(That step breaks rule 2 that each summation index should have exactly two entries. What would be the correct way to write this equation, corresponding to the matrix equation below?)

$$\left(\Lambda^{-1} \right)^{\beta}_{\;\nu'} = \eta^{\alpha\beta} \Lambda^{\mu'}_{\;\alpha} \eta_{\mu'\nu'}$$

Matrix notation: $$\Lambda^{-1} = \eta \Lambda^{T} \eta$$

From this, if I mechanically follow the index manipulation rules, unless I'm mistaken:

$$\left(\Lambda^{-1} \right)^{\beta}_{\;\nu'} = \eta^{\alpha\beta} \Lambda_{\nu' \alpha} = \eta^{\beta\alpha} \Lambda_{\nu' \alpha} = \Lambda_{\nu'}^{\;\beta}.$$

which according to rule 3 would mean:

$$\Lambda^{-1} = \Lambda$$

But it isn't so in general. Or if there's another convention whereby the leftmost index denotes the row, regardless of height:

$$\Lambda^{-1} = \Lambda^{T}$$

which is true for rotations but not for Lorentz transformations in general. So I think I must be making some mistake in how I convert between matrix notation and index notation. Could it be that I'm mixing up two different conventions? In that last step, I ignored the right-left order of the upper and lower indices because I don't know what rule to apply there, but if that is significant in Carroll's system, I wonder if that's part of the problem. On the other hand, I don't think I used any method that relies on what I read in Carroll, and I purposefully tried to keep distinct symbols for lambda and its inverse. So where did it all go wrong?

Last edited: Nov 21, 2009
11. Nov 21, 2009

### Rasalhague

From Sean Carroll's equations 1.29

$$\Lambda_{\nu'}^{\;\mu} \Lambda^{\sigma'}_{\;\mu} = \delta^{\sigma'}_{\nu'}, \qquad \Lambda_{\nu'}^{\;\mu} \Lambda^{\nu'}_{\;\rho} = \delta^{\mu}_{\rho}$$

http://preposterousuniverse.com/grnotes/

it looks as though the left-right ordering of upper and lower indices might not be important here after all. These seem to be saying that if you see the two lambdas, one having a prime on its lower index, the other on its upper index, you should regard each as representing the inverse of other. Is that right? On the other hand, supposing the upper index indicates the row, and the lower index the column, equation 1.28,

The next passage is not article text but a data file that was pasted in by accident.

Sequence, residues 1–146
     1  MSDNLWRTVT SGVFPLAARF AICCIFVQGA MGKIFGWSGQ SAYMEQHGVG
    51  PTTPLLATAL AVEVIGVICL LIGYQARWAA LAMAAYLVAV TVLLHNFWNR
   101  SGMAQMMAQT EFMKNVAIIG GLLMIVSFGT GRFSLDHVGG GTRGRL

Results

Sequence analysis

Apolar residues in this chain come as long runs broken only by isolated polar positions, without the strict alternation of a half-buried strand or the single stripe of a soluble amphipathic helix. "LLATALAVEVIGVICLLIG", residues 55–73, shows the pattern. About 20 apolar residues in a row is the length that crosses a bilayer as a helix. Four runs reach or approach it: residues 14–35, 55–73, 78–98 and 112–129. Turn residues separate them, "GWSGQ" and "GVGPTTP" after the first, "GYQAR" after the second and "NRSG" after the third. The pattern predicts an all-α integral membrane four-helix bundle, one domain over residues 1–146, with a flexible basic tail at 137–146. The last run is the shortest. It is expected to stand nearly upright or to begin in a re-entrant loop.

$$\left(\Lambda^{-1} \right)^{\nu'}_{\;\mu} = \Lambda_{\nu'}^{\;\mu}$$

seems to be saying, on the contrary, that switching the prime from a lower index to an upper index means the transpose of the inverse.

12. Nov 21, 2009

### haushofer

Hey, I must say that I'll stick to my own conventions and don't feel like going through others :)

No. The order of indices doesn't have to be the same, but at the same height. So

$$T^{\mu\nu} = S^{\mu}_{\nu}$$

is nonsense, while

$$A_{\mu\nu} = -A_{\nu\mu}$$
is perfectly allowable; it's the definition of an antisymmetric 2-tensor.

Consider a vector x with components $x^{\mu}$. We write it as a column vector. If we contract it with a tensor which is represented by a matrix (so a 2-tensor) it has to have a mu-index down, where ever it stands! So we can first look at

$$\Lambda^{\rho}_{\ \mu}x^{\mu}$$

Here we have for lambda a rho and a mu index. Because x is a column vector by definition, we know that the mu of lambda has to indicate the row of lambda; this is how we define matrix multiplication with vectors in linear algebra, right? Now consider

$$\Lambda^{\ \rho}_{\mu} x^{\mu}$$

Again, x is a column vector, so we know that the mu index of lambda has to indicate a row! Now you could wonder if the two lambda's above are the same, but my previous post shows that they are not; the reversed index order indicates taking the inverse.

So, what does an expression like

$$\Lambda_{\mu\nu} = \eta_{\mu\rho}\Lambda^{\rho}_{\ \nu}$$